Solar Power from Chernobyl


The word ‘Chernobyl’ is hardly synonymous with safe and sustainable renewable energy. After the 1986 disaster that resulted in 50 direct deaths and up to 4,000 fatalities from the nuclear fallout, the site of the world’s largest nuclear disaster has been a no-go zone for years, emitting radiation that travelled as far as Wales.

Yet times have changed, and two companies from China are aiming to make this part of the Ukraine home to a one-gigawatt solar power plant covering 2,500 hectacres just south of the Chernobyl plant. Ukrainian officials have stated that $1 billion is expected to be spent on the project over the next two years by the Chinese subsidiaries of Golden Concord Holdings (one of Chinas biggest renewables concerns) and Sinomach. GLC statework on the plant will start sometime this year.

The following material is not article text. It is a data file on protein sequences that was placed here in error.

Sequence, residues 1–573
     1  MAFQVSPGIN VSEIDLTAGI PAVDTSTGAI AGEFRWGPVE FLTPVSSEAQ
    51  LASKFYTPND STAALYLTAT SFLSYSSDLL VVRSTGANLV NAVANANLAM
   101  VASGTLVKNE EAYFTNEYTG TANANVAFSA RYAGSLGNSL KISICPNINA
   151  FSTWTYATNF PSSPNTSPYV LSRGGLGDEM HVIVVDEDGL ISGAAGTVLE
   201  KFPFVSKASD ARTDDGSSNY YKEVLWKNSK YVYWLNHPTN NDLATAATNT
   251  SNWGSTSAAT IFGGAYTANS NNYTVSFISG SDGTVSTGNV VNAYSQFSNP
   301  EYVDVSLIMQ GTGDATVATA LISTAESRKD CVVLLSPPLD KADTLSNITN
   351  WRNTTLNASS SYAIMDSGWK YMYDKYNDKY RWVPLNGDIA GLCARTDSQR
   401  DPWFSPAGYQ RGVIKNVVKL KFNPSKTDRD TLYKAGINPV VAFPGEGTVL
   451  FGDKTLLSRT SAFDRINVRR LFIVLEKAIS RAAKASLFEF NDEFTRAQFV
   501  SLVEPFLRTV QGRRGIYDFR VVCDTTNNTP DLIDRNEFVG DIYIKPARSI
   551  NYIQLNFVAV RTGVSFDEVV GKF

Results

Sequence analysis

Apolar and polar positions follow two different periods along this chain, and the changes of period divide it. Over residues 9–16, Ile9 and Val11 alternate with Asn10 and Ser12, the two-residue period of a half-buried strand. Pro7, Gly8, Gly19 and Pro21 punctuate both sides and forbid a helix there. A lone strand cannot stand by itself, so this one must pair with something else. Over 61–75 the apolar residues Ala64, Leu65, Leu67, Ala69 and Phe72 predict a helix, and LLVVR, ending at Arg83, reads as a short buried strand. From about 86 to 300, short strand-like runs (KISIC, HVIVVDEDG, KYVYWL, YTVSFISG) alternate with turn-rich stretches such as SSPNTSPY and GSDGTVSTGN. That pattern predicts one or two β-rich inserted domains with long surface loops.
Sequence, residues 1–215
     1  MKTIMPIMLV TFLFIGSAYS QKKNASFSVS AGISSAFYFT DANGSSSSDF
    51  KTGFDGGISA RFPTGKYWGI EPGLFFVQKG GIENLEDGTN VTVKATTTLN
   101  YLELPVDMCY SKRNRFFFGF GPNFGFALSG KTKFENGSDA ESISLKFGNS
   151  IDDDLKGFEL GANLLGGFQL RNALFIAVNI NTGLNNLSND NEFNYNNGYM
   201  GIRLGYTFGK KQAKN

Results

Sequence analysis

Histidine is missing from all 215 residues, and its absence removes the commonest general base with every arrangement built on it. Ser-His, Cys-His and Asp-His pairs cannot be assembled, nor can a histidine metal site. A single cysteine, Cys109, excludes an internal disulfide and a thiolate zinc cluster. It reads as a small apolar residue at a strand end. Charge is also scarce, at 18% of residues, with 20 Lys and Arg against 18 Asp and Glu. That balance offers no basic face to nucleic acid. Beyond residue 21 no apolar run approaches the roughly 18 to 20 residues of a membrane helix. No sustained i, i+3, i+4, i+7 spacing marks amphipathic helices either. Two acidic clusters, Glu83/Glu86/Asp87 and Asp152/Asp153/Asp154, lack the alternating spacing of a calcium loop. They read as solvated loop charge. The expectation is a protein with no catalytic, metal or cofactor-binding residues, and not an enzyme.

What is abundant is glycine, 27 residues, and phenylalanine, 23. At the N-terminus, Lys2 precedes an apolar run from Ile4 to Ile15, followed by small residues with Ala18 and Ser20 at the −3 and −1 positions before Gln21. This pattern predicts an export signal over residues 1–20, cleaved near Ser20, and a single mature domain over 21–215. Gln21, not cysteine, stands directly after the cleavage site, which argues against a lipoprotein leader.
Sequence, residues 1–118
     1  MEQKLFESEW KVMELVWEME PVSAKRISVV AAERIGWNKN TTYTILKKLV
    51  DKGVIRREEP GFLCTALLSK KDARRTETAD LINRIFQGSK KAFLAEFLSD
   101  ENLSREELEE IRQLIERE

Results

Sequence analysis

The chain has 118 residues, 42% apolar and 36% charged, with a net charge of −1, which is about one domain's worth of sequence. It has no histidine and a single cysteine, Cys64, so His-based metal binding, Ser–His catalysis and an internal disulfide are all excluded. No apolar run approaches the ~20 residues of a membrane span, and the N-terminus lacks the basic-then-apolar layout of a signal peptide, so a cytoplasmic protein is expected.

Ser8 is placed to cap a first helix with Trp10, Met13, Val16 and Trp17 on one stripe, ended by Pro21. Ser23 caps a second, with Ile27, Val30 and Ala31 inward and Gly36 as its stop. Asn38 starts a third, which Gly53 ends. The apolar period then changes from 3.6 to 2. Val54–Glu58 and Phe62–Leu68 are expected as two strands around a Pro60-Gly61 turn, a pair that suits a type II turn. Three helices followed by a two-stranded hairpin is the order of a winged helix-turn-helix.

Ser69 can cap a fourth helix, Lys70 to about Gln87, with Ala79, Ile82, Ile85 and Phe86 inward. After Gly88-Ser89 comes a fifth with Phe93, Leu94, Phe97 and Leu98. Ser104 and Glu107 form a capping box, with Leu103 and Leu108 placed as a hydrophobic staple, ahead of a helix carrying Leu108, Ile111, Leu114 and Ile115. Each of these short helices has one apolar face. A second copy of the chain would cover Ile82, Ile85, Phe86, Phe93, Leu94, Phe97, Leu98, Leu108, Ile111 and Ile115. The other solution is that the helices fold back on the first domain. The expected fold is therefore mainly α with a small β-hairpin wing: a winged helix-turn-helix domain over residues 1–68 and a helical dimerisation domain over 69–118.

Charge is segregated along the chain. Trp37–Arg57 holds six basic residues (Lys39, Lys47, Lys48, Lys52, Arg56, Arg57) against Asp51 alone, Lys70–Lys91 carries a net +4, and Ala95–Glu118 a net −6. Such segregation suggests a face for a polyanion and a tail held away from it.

Ukrainian minister of the environment Ostap Semerak, believes the site is more than suitable for the project, offering ‘cheap land’ and ‘abundant sunlight’.

It could be a new, bright future for Chernobyl, rebuilding the local community and perhaps is a fitting tribute to those who suffered as a result of the disaster.





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